Commissioner Bud Selig likes to say that Major League Baseball’s “Steroid Era” is over now that the sport tests players for steroids and other performance-enhancing drugs. But it ain’t over ’til it’s over, as baseball legend Yogi Berra once said, and the Steroid Era will never be over as long as there’s a Hall of Fame Museum and players being inducted into it.
The Hall of Fame announced Jan. 5 that second baseman Roberto Alomar and pitcher Bert Blyleven were elected to the Hall by the Baseball Writers Association of America. Alomar, Blyleven and executive Pat Gillick, who was elected by the Expansion Era Committee, will be inducted July 24 in Cooperstown, about 90 miles southeast of Syracuse.
While Blyleven, Alomar and Gillick are deserving inductees, there was more buzz last week about who didn’t get in. Once again, a player with no-brainer Hall-of-Fame credentials was virtually ignored because of his connection to steroids.
Rafael Palmeiro is just one of four players in baseball history with 3,000 hits and 500 home runs (first-ballot Hall of Famers Hank Aaron, Willie Mays and Eddie Murray are the others). Throughout baseball history, getting either 3,000 hits or 500 home runs has always been a sure ticket into the Hall.
But Palmeiro, in his first year on the ballot, received just 64 votes (11 percent) from the record 581 ballots that were cast for this year’s election. To get into the Hall, a player needs to be named on 75 percent of the ballots.
In August 2005, Palmeiro was suspended for 10 days for testing positive for a steroid. That was just 4½ months after Palmeiro, while under oath before Congress at a hearing on steroids in baseball, famously pointed his finger at his questioners and declared, “Let me start by telling you this: I have never used steroids, period. I don’t know how to say it any more clearly than that. Never.”
That was the same congressional hearing at which slugger Mark McGwire said he “was not here to talk about the past” when asked if he ever used steroids. McGwire did not confess to using performance-enhancing drugs until last January, and that was only because he had to say something because he was returning to baseball as the batting coach for the St. Louis Cardinals.
McGwire, who socked 583 career home runs, received 115 votes (19.8 percent) in this year’s election. In his four previous years on the ballot, McGwire received 23.5, 23.6, 21.9 and 23.7 percent of the votes.
Clearly, the writers have sent a message: If you were caught using steroids, if you admitted using steroids, or if there’s enough evidence to suggest you used steroids, we’re not going to vote you into the Hall of Fame.
That’s a big problem for baseball that’s only going to get bigger. Players may remain on the ballot for up to 15 years provided they receive at least 5 percent of the vote every year. So it’s likely the McGwire and Palmeiro candidacies will taint Hall of Fame induction announcements for several more years.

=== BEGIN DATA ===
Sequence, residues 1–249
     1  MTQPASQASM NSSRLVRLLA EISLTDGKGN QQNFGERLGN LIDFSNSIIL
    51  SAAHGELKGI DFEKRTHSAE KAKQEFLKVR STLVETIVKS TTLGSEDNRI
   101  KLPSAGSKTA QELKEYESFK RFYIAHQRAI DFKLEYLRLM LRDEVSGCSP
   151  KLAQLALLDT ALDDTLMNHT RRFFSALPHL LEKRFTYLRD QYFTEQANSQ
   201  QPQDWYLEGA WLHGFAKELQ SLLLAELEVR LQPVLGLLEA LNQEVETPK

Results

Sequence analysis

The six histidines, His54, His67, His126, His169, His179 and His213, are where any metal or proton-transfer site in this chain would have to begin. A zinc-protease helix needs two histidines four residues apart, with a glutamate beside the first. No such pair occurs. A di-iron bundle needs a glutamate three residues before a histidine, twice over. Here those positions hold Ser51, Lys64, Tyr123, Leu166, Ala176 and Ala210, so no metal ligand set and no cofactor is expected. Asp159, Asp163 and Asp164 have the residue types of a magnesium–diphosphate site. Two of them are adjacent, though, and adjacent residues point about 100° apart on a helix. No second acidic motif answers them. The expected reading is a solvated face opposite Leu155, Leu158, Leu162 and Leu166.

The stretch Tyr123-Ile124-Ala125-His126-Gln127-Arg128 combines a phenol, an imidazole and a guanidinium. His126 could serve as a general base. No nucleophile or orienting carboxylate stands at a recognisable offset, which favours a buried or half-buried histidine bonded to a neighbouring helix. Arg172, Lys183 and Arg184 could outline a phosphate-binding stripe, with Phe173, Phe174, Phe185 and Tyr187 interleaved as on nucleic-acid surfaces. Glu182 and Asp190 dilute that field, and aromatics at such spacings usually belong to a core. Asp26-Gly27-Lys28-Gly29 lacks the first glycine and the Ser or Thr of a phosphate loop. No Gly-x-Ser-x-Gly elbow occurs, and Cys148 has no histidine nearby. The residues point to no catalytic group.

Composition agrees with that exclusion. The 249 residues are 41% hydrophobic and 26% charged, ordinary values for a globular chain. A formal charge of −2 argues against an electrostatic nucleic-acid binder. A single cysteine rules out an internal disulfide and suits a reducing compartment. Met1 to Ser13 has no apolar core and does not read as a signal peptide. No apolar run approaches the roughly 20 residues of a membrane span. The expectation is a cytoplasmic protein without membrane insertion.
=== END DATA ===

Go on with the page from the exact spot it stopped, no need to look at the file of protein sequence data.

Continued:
And in 2013, Barry Bonds, Roger Clemens and Sammy Sosa—who could join McGwire on the Mount Rushmore of steroids users—will be eligible for the Hall of Fame for the first time. As long as they get at least 5 percent of the vote each year, Bonds, Clemens and Sosa will be on the ballot until 2028.
After their eligibility expires, the steroidstained players will be considered by the Expansion Era Committee, which consists of former players, executives and media types. It’s a small group (16 members), and it will take only take a few non-steroid-using former players on the committee to keep the likes of McGwire and Palmeiro from Hall of Fame induction.
And then there are current stars like Yankees third baseman Alex Rodriguez, who admitted using steroids, and former Red Sox outfielder Manny Ramirez, who was suspended for using steroids.
Rodriguez’s current contract runs through 2017, when he’ll be 42. It takes five years for a player to be eligible for the Hall of Fame. So that’s 2022 plus 15 years on the ballot and, well, that’s a story this writer won’t have to worry about.
But baseball will, because its all-time home run leader (Bonds), its future all-time home run leader (Rodriguez), and one of the game’s all-time greatest pitchers (Clemens) will likely be on the outside of the Hall looking in, and that will always be the source of discussion and debate.
As long as baseball keeps statistics and honors its greatest players, the steroid era will never completely go away. Long after the names of Bonds and McGwire and Clemens have been dropped from Hall of Fame consideration, little children will visit the Hall with their parents and ask, “If Alex Rodriguez hit more home runs than anybody else, why isn’t he in the Hall of Fame?”
Cooperstown bound: Roberto Alomar and Bert Blyleven are worthy inductees into the Baseball Hall of Fame, but what’s noticeable this year is who is absent from the list.